Neglected masterpiece. Unsung classic. Unjustly-overlooked genius.
We live in a time of ridiculous hyperbole. A time when terms such as ‘classic’, ‘brilliant’ and ‘genius’ have become so overused as to be almost meaningless. A time when films garner four stars for being competent and five for being better than average. A time when politicians demand standing ovations simply for not kicking themselves in the face while walking.
It’s a hard time, then, for an actual genius to receive just praise for a work of brilliance. But, in our own small way, we’d like to try to set that right for just one work of brilliance by just one genius. That genius is, of course, the great Ursula K. Le Guin, and her brilliant study of a people who don’t yet exist: Always Coming Home.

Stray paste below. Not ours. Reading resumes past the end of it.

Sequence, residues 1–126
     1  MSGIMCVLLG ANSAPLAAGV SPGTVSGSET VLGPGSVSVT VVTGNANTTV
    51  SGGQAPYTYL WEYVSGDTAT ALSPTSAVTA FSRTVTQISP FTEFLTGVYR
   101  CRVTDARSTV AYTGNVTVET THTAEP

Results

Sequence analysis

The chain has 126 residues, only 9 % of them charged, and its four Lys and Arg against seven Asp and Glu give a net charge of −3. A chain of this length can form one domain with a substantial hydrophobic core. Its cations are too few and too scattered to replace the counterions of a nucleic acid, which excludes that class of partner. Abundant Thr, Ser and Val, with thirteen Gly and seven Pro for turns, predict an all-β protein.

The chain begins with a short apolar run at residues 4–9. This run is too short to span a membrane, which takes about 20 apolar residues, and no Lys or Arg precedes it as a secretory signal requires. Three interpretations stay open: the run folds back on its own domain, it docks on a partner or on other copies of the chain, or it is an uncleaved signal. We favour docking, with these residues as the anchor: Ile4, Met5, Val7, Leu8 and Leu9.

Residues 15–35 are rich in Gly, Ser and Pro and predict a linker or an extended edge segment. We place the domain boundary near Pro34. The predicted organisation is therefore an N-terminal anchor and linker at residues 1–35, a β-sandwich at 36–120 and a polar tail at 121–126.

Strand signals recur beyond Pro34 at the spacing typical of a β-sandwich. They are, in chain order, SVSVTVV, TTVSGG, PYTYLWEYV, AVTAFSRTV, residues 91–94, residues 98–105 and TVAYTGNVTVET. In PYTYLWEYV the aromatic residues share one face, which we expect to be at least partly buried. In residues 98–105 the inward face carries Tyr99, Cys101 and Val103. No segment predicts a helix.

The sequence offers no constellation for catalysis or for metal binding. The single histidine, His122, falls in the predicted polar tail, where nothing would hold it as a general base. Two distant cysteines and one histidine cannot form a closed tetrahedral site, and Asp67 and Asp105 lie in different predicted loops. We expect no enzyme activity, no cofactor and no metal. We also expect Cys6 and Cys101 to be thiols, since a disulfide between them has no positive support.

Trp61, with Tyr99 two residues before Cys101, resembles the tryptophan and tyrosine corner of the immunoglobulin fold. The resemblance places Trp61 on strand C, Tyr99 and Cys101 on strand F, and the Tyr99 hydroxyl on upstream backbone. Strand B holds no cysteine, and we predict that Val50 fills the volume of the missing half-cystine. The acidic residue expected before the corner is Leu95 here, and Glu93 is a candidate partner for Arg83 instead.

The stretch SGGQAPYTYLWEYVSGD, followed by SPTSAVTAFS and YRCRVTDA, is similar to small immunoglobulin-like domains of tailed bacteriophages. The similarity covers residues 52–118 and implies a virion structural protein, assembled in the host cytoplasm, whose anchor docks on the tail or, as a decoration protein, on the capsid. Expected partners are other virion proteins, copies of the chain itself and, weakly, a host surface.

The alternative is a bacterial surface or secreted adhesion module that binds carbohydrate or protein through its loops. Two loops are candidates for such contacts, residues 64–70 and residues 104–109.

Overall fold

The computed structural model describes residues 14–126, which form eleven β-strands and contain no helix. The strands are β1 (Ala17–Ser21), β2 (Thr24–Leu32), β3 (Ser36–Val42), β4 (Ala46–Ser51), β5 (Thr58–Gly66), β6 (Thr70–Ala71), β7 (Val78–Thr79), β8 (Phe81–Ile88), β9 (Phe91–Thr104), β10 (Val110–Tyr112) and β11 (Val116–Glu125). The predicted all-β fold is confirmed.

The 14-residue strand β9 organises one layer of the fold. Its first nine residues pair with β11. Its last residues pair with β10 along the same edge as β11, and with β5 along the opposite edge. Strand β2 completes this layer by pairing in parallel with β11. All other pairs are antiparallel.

An unsung masterpiece from one of fantastic literature’s greatest writers.
A long, long time from now, in the valleys of what will no longer be called Northern California, might be going to have lived a people called the Kesh.
But Always Coming Home is not the story of the Kesh. Rather it is the stories of the Kesh – stories, poems, songs, recipes – Always Coming Home is no less than an anthropological account of a community that does not yet exist, a tour de force of imaginative fiction by one of modern literature’s great voices.
With a new introduction by Hugo Award-winning author, John Scalzi.
It is a remarkable book. But don’t take our word for it; this is the view of the Oxford Times:
Sometimes you open a book and find in a dozen pages the world inside more solid than the room where you sit . . . surely destined to become a classic. It is, perhaps, a work of genius
You can find details of available print titles at Ursula Le Guin’s page on the Orion website, explore her available eBooks on the SF Gateway and read more about the author in her entry at The Encyclopedia of Science Fiction.